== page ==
New York City fire department officials and construction contractors have formed a joint advisory council to lay down stringent safety rules for job sites, aimed at forestalling such mishaps as the fire that killed two city firefighters in a partially dismantled skyscraper earlier this year.
The creation of a Fire Safety Advisory Council will make New York City “a safer place for construction workers, firefighters and the public alike,” said Louis J. Coletti, president and CEO of the Building Trades Employers’ Association.
Details of the plan were to be spelled out at a news conference, along with a “report card” on construction safety by the federal Occupational Safety and Health Administration and the city’s Department of Buildings.
Firefighters Robert Beddia, 53, and Joseph Graffagnino, 33, died of smoke inhalation last Aug. 18 on Saturday while fighting a fire at the former Deutsche Bank building, a 41-story skyscraper damaged by debris on Sept. 11 that was being painstakingly dismantled.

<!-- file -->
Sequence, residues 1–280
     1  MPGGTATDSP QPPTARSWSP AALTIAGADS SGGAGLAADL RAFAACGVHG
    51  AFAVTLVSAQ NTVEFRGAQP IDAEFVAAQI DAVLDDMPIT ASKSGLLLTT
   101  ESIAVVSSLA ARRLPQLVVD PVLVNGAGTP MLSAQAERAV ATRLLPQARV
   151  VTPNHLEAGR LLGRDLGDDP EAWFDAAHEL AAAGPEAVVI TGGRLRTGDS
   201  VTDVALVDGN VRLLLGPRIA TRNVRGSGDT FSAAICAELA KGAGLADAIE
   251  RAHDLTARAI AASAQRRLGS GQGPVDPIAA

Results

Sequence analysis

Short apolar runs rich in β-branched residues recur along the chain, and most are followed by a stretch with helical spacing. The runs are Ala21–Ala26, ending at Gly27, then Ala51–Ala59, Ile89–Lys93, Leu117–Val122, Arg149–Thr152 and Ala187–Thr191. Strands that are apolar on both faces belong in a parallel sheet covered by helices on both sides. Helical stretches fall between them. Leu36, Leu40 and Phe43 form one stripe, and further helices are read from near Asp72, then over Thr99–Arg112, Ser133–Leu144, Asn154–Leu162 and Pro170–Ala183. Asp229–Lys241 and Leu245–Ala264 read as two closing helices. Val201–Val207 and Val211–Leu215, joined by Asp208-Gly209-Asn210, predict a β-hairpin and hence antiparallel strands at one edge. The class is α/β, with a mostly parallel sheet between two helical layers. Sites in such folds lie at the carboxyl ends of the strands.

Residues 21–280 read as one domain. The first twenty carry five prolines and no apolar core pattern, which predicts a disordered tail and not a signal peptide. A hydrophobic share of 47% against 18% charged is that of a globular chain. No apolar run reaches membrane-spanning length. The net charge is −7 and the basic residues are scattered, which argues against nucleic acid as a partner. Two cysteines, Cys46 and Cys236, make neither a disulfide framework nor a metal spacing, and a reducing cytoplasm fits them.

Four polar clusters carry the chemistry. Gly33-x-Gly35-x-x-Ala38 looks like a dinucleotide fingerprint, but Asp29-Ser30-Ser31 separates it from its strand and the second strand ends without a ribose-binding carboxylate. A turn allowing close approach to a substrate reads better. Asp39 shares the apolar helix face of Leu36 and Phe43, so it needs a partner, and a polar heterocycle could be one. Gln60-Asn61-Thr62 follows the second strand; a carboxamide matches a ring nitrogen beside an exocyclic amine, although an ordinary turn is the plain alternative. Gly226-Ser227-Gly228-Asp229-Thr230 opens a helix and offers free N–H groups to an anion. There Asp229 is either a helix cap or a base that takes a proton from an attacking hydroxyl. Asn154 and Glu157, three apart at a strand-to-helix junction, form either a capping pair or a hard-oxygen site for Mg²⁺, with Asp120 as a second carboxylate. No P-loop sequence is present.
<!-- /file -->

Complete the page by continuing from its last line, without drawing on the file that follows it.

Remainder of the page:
Senior fire officials came under severe criticism for not having a safety plan to assure that firefighters had proper protective gear and a clear means of escape from the partially demolished structure.
In a statement, Colletti’s group, which represents 1,200 unionized construction firms and 25 contractor assocations, said the advisory council’s first recommendation would be to require all high-rise buildings under construction — those 14 stories and higher — to have fire safety plans, to be submitted to the city buildings and fire departments.
“This would apply both to buildings over 14 stories being constructed and those being demolished,” Coletti said.
He said BETA “works diligently to improve safety at our sites each year, and we only hope that non-union contractors will follow suit and work to improve their work sites.”
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